The last five families were moved out of the Harold Ickes Homes at the end of March, one of the latest clusters of high rise public housing the city is clearing as a part of the Chicago Housing Authority’s “Plan for Transformation.” Dozens of highrise towers have been demolished across the across the city, opening vast tracts of land for mixed-income and in some cases mixed-used development. While few would dispute that the large-scale warehousing of the poor in these projects helped to create major urban problems, the nearly total erasure of these areas seems as blunt as the urban renewal tactics through which they were originally built. Read More

USC Says Fickett

West
Thursday, April 8, 2010
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A California home designed by Edward Fickett, circa 1966.

If you want to understand just how under-appreciated California architect Edward Fickett is just try finding a picture of any of his work online, and then compare that task with finding something by his contemporaries Richard Neutra and Rudolph Schindler. Fickett, who died in 1999 at the age of 83, was no slouch. To name a few of his accomplishments, he designed the passenger and cargo terminals at the Port of Los Angeles, Edward Air Force Base, Dodger Stadium, a bevy of hotels and restaurants, mansions for hollywood stars, and some 60,000 light and airy tract homes known as the “Fickett Houses.” Read More

Pixellating New York

East, East Coast
Thursday, April 8, 2010
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A reader sent us this pretty awesome video of old arcade games taking over the city. Still can’t decide whether our favorite part is the Art Deco Tetris or Block Breaker Bridge. Even if that bomb would render us all in 8-bits, it should be a fun existence while it lasts. 1-UP!

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Supporting Supportive Housing

West
Wednesday, April 7, 2010
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Lorcan O'Herlihy's supportive housing project with Skid Row, in downtown LA (Courtesy Lorcan O'Herlihy Architects)

Los Angeles’ Permanent Supportive Housing program got a much-needed emergency shot of funds this week: a $5.2 million pledge from the Corporation for Supportive Housing (CSH) and Conrad N. Hilton Foundation.

Though Los Angeles has more homeless people than any other city in the US, only in the last few years has it begun to catch up with other cities’ level of services. 2005 saw a city-wide push to build supportive housing, a model borrowed from New York that combines affordable housing with services to help residents deal with mental illness, drug abuse, and disabilities.

Top architecture firms helped fill out the new supportive housing landscape, with innovative projects such as Michael Maltzan’s 95-unit, radially-arranged New Carver Apartments, Pugh + Scarpa’s 46-unit Step Up on Fifth facility in Santa Monica, and Lorcan O’Herlihy Architects’ 82-unit Skid Row Housing in downtown Los Angeles.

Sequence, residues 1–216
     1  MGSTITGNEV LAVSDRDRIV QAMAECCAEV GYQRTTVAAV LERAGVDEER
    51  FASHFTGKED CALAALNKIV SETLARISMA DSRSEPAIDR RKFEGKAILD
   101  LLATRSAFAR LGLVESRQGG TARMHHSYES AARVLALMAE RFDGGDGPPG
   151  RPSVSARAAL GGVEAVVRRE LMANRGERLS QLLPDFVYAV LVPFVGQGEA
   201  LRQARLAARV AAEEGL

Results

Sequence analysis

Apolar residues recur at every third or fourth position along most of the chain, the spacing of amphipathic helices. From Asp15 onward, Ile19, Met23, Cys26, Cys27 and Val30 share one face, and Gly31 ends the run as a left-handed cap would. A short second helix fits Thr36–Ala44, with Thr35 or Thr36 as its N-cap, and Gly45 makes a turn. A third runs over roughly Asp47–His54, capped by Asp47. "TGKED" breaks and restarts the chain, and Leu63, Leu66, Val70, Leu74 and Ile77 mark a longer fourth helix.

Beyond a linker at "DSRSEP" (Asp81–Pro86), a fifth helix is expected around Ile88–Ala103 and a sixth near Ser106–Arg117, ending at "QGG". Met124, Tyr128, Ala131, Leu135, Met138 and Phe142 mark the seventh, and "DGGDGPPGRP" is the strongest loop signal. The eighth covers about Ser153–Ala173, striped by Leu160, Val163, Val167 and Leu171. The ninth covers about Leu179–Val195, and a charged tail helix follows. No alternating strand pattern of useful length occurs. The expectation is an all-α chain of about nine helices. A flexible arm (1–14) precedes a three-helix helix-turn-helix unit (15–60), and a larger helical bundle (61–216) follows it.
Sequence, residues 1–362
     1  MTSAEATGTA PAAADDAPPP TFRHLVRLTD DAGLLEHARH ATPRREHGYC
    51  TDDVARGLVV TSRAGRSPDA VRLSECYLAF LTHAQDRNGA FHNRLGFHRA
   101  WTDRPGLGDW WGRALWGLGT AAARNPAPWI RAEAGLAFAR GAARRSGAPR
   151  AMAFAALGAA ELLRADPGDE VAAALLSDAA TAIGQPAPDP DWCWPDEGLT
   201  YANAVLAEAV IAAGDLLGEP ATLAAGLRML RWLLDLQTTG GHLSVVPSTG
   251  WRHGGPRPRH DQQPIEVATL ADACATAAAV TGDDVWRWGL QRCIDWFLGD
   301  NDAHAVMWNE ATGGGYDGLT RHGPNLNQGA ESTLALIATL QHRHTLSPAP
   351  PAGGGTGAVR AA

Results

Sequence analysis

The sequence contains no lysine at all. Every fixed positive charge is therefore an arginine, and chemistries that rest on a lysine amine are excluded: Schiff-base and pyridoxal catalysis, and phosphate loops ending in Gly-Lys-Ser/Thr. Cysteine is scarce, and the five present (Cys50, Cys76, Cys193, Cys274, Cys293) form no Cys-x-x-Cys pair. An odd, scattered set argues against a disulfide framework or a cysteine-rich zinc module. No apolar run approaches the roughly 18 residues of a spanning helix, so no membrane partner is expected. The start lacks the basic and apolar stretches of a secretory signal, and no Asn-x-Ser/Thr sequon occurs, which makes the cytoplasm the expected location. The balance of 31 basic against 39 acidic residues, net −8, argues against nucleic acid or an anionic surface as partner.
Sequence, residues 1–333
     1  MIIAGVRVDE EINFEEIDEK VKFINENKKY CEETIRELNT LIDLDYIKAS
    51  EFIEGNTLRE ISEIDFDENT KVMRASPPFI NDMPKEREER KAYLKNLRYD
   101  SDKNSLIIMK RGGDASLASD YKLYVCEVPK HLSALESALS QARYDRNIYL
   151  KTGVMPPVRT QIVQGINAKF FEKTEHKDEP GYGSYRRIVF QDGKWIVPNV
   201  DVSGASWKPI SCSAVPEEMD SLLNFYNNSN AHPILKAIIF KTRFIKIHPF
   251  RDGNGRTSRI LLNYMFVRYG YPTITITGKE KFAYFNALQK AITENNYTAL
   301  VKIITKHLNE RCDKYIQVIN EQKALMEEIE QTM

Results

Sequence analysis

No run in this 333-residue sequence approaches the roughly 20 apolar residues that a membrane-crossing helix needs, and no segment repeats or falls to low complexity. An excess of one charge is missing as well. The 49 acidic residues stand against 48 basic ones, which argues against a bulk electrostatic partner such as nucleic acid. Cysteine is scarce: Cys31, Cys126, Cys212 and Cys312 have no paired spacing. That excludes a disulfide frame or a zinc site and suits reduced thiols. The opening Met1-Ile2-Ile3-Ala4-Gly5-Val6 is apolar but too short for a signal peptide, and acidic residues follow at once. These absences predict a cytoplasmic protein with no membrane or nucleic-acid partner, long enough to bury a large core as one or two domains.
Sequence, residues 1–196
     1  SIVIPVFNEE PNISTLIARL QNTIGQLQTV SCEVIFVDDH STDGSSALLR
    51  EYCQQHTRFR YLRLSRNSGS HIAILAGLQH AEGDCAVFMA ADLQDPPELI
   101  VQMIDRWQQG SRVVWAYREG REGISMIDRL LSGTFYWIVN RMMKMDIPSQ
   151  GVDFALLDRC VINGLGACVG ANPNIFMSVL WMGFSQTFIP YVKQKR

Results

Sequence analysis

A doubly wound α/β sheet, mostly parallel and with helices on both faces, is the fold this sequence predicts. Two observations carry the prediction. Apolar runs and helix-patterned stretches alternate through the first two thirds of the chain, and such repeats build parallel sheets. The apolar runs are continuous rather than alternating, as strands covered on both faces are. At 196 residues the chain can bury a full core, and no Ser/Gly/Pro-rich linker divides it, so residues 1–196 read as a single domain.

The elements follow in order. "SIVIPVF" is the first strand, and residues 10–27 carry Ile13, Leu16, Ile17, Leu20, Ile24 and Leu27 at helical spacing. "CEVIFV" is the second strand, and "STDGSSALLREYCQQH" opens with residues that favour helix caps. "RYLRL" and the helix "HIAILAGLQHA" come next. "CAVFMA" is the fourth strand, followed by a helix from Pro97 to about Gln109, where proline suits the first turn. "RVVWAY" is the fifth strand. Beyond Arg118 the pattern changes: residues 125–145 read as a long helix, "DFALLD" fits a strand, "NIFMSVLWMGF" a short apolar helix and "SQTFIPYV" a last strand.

Read More

Raimund Abraham, Real & Imagined

International
Wednesday, April 7, 2010
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The work of Raimund Abraham. CLICK TO LAUNCH SLIDESHOW

In the latest issue of the paper, Lebbeus Woods pays tribute to his friend and colleague Raimund Abraham, who died last month. Here, we gather together a survey of the visionary architect’s work, both built and—perhaps more importantly—unbuilt, for as Woods recounts of Abraham, “Building, he believed, necessarily violates nature’s wholeness, and must be done with a full awareness of consequences.” Click the image above of Abraham’s best known building, the Austrian Cultural Forum in New York, to begin the slideshow. (Special thanks to Stefan Heßling for generously sharing his images of Abraham’s musikstudio in Germany.)

You can also watch Abraham’s last lecture, delivered at SCI-Arc the night of March 3. He died in a car accident on his way home.

LA Stars Are Born

West
Tuesday, April 6, 2010
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Emergent's proposed Garak Fish Market in Korea

Even though we already knew who had won ahead of time, we couldn’t help getting excited about  AIA/LA’s ARCH IS__ awards, crowning “two exceptional young architects” at SCI-Arc on Monday night. The winners: Oyler Wu Collaborative and Tom Wiscombe/ Emergent. Both are pushing the envelope in terms of design, materials, engineering, and program, and are even starting to (slowly) build things. Read More

The Great Architect

International
Tuesday, April 6, 2010
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Where's the T-square?

A new book argues that Jesus was not the son of a humble carpenter after all, but instead, of a well-respected architect. “The Jesus Discovery,” written by Dr. Adam Bradford and published by Christian UK publishing company Templehouse, revisits the New Testament in its original Greek and concludes that Joseph’s profession has suffered from a mistranslation for the past two millennia.

Read More